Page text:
What I never really heard, though, was why people felt this way and why they felt like it was so criminal and backwards to not feel this way.

By this I do not mean, “UGH HOW COULD YOU THINK THAT?!” What I mean, in a normal tone of voice is, “Why is this morally praiseworthy? Why is this not just something you find to be acceptable, but something you celebrate?” What I would really like to hear (but never do) is a rationale for what is being celebrated.

I think that really interesting conversations would happen if people talked about why they make choices of one kind or another. I think that conservative Christians who aren’t just being vile and bigoted but have real moral objections to the kind of choice that Jenner made would point to things like design and obligation for what they believe and decide. But I think the contrary stance might have elements of “design” in their rationale as well. After all, Jenner did not choose to feel as he did/she does now. Who would choose that kind of life? Who would choose to feel alienated from their physical reality?

But I don’t really ever hear that from the celebrators. The moral reasoning for many people gets simply reduced to this:

“Whatever makes you happy, do it, just so as long as it doesn’t hurt someone else.”

Perhaps someone could correct me if I am oversimplifying, but I do think that this sort of rationale is the moral philosophy of our day, starting with sexual ethics and moving to just about everything else. What I think we need to have a conversation about, though, is a) whether or not this kind of thinking is something we actually believe in and b) whether or not this kind of thinking has enough moral strength for us.

Let me put forward a scenario:

Let’s say that someone has a compulsive, overpowering case of kleptomania, but in a non-clinical sense. They absolutely ache to steal things. They just love it. It makes them feel alive. Well, we would tell them not to steal, right? Not only does it never address why they don’t feel alive without stealing, but it harms another party. But let me ask this question:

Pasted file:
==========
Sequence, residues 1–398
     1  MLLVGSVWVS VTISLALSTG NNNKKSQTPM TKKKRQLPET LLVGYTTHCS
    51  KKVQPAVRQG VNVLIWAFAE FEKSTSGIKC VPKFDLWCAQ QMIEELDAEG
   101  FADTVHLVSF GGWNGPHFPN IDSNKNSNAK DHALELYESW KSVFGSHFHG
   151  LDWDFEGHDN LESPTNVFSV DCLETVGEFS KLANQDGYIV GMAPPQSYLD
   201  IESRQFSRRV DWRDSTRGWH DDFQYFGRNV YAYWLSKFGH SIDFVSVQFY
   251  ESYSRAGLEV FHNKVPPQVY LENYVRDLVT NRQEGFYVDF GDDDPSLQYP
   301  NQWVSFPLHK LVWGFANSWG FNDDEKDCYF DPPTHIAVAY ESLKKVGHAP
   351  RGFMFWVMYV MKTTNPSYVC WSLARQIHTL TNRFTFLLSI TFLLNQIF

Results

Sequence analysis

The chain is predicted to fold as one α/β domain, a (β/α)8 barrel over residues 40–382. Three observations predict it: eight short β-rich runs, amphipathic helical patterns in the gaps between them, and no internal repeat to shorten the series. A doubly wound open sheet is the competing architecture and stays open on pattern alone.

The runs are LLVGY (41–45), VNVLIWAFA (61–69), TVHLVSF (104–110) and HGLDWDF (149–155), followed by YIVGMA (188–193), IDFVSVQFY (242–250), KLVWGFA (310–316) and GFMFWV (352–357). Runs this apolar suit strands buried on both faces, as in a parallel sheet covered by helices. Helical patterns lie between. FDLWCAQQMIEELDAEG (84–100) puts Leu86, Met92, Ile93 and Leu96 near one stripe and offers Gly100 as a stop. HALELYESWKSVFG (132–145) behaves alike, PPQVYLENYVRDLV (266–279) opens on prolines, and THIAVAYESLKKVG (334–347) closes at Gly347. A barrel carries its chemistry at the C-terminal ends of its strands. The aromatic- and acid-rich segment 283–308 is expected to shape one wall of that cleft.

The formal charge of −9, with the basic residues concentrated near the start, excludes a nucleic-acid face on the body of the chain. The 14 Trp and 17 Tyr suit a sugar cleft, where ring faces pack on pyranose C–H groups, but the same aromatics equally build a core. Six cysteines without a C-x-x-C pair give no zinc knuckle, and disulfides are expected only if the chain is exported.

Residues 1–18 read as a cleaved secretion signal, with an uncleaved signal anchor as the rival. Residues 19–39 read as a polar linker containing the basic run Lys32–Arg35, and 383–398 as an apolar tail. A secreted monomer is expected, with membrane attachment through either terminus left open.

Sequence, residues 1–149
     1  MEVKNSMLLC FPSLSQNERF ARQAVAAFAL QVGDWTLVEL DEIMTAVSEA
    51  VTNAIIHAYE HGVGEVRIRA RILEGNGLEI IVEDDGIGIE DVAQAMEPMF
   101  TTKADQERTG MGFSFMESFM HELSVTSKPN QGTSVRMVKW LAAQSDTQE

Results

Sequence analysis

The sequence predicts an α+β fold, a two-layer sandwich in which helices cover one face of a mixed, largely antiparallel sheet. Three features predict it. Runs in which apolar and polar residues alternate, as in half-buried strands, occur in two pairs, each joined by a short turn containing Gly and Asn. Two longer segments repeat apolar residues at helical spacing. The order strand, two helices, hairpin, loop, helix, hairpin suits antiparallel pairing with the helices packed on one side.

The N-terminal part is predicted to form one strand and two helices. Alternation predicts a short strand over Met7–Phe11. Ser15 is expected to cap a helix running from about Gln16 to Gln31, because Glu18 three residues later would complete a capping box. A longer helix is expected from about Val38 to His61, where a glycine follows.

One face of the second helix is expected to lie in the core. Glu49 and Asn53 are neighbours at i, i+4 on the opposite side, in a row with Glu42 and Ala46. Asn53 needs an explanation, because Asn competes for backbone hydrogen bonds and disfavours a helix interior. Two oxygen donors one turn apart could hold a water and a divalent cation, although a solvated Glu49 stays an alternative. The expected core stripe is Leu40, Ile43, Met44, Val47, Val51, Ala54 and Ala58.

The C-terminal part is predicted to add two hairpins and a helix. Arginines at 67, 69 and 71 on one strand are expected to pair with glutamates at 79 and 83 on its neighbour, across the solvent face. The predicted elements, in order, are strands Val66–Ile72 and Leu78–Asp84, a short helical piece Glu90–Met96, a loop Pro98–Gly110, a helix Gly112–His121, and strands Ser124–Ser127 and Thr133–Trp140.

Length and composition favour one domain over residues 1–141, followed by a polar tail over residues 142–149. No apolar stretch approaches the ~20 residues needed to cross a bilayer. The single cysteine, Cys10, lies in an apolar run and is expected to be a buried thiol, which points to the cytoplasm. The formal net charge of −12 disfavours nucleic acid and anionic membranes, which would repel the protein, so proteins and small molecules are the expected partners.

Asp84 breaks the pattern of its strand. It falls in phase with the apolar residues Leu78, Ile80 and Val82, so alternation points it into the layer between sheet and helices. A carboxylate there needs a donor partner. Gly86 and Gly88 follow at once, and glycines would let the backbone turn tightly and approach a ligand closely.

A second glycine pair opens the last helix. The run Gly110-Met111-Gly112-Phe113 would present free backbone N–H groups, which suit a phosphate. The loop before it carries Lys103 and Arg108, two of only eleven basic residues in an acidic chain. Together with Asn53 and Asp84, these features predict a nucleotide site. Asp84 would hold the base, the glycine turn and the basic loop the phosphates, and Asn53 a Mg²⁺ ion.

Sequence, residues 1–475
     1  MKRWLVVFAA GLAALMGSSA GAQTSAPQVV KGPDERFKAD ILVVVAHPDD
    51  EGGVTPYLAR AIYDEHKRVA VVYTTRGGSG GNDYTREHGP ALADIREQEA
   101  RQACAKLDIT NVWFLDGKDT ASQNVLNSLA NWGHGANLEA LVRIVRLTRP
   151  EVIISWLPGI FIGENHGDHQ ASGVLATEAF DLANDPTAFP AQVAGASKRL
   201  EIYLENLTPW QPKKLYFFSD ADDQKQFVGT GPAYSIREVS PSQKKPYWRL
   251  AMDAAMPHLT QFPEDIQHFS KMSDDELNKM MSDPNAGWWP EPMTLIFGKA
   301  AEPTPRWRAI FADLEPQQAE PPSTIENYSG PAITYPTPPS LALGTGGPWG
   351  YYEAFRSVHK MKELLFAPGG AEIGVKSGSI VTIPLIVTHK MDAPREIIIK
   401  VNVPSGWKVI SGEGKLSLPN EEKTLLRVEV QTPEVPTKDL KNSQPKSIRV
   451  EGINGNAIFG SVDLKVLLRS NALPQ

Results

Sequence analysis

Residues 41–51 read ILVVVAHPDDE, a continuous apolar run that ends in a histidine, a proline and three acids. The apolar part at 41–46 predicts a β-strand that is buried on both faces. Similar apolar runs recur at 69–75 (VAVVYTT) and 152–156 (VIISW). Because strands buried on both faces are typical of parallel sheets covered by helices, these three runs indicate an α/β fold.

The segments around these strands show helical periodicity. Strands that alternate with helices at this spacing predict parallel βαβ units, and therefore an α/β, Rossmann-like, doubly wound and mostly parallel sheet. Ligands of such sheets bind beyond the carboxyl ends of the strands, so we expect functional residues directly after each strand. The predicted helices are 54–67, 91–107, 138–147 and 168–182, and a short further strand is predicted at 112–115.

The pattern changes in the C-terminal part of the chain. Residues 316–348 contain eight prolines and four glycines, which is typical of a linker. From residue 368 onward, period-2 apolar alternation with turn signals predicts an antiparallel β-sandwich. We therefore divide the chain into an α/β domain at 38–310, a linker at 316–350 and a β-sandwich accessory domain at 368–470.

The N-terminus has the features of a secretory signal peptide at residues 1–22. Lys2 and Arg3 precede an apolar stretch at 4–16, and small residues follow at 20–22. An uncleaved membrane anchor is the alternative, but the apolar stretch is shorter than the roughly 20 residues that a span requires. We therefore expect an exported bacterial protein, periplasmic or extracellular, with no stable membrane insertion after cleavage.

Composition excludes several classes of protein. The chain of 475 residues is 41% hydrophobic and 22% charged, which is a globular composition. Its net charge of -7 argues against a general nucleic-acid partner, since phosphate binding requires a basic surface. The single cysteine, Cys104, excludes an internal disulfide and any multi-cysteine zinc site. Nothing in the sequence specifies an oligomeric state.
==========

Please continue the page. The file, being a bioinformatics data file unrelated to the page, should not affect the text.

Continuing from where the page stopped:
What if there was a store that was vast and with limitless inventory. There were sections of infinite items that no one ever even wanted. Moreover, the purveyor of these infinite unwanted goods had no reputation stake in his store. She is very wealthy and well-respected. Everyone loves her. There is absolutely no way that she or anyone else is harmed by our thief coming in and swiping something. In fact, in this scenario, the thief comes back later to put it all back. No one even knows it was gone except the thief. The thief feels better for doing it. No one cares that it was gone. No one is ever hurt.

How do we judge the thief? That person has relieved themselves of a deep need, has given themselves some sense of life they did not have. No one was injured and it was impossible for them to be injured in anyway. Are those actions something to be celebrated?

I honestly do not know what the response would be from those who celebrated Caitlyn Jenner’s revelation. I think, if they were being consistent, that they should indeed celebrate the thief’s actions, their self-care. But I don’t know if people actually would be so quick to praise them.

What I’m not saying is that Bruce Jenner’s transition is the same as theft. That’s not the question at hand. The question at hand is: Do people who either celebrated or condemned Jenner’s transition have the moral resources to make a judgment on this scenario and can they explain their judgment with a rationale that’s consistent with the one they used to react to Bruce Jenner becoming Caitlyn?